By Sara Freeman, medwireNews Reporter
Quitting cannabis appears to improve medication adherence in the long-term among patients admitted for first-episode psychosis (FEP), researchers have found.
They also report that this may be particularly important in patients who are hospitalized involuntarily.
â€œOur results suggest that cannabis use and its withdrawal could be a mediator of adherence in FEP patients,â€ say Ana GonzÃ¡lez-Pinto (Hospital Santiago, Vitoria, Spain) and colleagues in BMC Psychiatry. The researchers note that stopping using cannabis might improve medication adherence and potentially clinical and functional outcomes.
GonzÃ¡lez-Pinto and colleagues studied 98 individuals, aged an average of 29.8 years, admitted to a general hospital psychiatric ward for FEP. Patients were assessed via a battery of psychiatric tests at admission and at annual follow-up over an 8-year period.
Adherence was determined by self-report via the Moriskyâ€“Green test. At baseline, 73% of patients were identified as having bad adherence to their medication, including all of those who had been involuntarily admitted and 46.7% of those using cannabis.
The percentage of patients using alcohol, cannabis, or other substances decreased throughout the study to 57%, 29%, and 16%, respectively, by the end of the 8-year period. At the same time, the percentage of patients with good adherence increased from 26% at baseline to 51%. Of these patients, only 12.8% continued to use cannabis.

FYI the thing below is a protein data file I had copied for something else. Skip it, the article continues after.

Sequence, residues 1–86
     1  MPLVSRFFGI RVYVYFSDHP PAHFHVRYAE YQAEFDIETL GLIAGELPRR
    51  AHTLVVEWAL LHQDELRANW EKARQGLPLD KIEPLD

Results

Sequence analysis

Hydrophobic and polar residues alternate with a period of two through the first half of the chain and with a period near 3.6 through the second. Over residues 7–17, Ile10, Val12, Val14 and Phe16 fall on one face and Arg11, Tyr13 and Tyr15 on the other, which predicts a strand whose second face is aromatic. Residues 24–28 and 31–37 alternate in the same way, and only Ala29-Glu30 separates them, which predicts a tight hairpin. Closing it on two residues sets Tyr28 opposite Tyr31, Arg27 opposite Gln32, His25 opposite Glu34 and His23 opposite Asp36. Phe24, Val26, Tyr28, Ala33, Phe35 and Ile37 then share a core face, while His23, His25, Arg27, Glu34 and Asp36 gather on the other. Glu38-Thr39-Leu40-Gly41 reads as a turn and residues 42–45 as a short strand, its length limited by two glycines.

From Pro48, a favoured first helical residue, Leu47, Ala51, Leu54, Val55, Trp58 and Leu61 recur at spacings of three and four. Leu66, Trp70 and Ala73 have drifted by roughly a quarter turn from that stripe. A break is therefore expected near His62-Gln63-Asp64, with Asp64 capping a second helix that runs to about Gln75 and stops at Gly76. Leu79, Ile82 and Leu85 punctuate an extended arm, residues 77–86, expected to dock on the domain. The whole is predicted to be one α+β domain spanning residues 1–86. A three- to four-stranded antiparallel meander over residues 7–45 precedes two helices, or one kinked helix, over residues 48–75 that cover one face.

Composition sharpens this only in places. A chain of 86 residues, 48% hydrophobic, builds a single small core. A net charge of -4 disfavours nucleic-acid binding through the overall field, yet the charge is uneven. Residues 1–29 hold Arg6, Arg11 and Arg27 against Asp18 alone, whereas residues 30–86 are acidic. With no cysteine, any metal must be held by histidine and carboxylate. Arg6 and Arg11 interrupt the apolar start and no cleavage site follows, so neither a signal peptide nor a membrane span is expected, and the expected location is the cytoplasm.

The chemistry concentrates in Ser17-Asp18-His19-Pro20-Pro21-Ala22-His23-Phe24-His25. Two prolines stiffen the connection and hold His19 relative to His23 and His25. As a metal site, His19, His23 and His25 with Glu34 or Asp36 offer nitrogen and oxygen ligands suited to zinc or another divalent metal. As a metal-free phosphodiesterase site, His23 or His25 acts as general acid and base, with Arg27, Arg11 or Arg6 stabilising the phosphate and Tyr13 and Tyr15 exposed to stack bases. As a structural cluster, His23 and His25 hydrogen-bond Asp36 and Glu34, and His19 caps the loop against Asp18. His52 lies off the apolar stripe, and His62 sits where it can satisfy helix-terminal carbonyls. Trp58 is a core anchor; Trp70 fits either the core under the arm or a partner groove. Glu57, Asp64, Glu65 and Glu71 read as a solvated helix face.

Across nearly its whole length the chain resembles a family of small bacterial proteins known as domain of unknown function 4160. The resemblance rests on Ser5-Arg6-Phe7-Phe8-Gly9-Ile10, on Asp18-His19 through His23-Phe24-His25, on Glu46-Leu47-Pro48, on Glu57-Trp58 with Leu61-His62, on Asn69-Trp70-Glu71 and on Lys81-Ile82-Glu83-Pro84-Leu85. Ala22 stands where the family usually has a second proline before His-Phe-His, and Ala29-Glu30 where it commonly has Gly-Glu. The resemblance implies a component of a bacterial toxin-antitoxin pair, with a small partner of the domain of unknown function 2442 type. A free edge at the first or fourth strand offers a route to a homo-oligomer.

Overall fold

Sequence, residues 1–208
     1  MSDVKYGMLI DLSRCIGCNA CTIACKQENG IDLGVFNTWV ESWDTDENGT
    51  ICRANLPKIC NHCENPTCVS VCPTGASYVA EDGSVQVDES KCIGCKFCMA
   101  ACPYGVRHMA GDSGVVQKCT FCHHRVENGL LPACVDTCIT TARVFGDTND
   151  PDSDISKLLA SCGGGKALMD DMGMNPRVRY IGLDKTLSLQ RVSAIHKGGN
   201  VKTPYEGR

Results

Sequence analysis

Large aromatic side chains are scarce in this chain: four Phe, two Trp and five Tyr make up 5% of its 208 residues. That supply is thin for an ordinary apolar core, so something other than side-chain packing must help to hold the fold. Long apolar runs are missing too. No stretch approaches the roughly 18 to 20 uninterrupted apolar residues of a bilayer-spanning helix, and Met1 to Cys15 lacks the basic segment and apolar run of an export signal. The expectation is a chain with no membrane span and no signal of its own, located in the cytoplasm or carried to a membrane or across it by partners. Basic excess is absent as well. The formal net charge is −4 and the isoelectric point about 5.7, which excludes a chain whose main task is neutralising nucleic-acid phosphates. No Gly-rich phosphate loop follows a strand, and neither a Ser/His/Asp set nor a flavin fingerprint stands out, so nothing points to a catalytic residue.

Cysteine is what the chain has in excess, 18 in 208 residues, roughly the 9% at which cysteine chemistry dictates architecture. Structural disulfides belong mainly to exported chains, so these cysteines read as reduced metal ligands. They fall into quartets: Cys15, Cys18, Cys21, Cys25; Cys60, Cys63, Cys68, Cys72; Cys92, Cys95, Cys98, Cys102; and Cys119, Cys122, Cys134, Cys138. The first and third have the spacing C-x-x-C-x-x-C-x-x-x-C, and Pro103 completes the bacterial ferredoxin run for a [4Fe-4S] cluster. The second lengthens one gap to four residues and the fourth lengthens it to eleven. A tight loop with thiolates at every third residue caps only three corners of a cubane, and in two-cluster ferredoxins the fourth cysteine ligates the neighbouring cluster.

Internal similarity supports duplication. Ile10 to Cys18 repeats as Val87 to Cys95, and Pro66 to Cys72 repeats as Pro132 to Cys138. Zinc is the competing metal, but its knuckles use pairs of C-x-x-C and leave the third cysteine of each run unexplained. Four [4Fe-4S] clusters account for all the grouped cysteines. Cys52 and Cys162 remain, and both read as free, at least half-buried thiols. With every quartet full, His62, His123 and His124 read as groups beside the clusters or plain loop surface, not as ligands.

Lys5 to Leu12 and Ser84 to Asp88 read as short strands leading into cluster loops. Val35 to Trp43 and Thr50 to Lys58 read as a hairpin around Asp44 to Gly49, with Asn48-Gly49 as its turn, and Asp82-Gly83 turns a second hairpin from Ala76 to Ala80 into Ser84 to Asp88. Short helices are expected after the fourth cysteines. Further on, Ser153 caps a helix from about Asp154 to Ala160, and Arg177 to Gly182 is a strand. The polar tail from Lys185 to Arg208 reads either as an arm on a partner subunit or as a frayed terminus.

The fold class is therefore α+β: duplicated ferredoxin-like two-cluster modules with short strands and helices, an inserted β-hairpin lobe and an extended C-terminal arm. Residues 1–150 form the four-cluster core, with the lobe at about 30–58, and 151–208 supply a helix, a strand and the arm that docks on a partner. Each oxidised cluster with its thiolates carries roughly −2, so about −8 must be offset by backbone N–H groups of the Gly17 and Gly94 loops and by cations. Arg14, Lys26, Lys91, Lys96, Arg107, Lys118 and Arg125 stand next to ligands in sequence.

According to multiple logistic regression analysis, patients who never used or stopped using cannabis during follow-up were 8.79 times more likely to improve from bad to good adherence, after taking into account type of first admission.
Similarly, treatment adherence improved 5.65-fold among patients who were admitted involuntarily rather than voluntarily, after accounting for cannabis use.
â€œOur findings imply that FEP patients with coexisting cannabis use are more likely to be nonadherent to medication and should be a target for interventions aimed at both stopping substance use and improving adherence,â€ say GonzÃ¡lez-Pinto and colleagues.
â€œSuch efforts include involuntary admissions and may result in improved clinical outcomes and patient functioning although further studies are needed.â€
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